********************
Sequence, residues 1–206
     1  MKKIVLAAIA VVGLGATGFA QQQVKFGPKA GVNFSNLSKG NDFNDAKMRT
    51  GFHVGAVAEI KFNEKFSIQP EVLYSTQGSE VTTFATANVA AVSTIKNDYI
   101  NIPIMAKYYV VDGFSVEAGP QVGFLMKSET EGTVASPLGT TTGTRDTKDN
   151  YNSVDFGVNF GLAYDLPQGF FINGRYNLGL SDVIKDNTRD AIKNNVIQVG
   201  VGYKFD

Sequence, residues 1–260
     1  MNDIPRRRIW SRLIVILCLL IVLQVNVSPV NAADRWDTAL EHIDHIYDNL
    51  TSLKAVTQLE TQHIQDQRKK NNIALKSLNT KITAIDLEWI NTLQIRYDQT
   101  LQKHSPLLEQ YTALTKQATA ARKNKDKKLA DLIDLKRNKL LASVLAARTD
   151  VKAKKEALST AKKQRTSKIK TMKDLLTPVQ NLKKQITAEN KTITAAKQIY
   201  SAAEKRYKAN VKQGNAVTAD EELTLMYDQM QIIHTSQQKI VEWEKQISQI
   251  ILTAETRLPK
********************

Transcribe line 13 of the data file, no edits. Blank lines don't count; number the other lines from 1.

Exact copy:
   251  ILTAETRLPK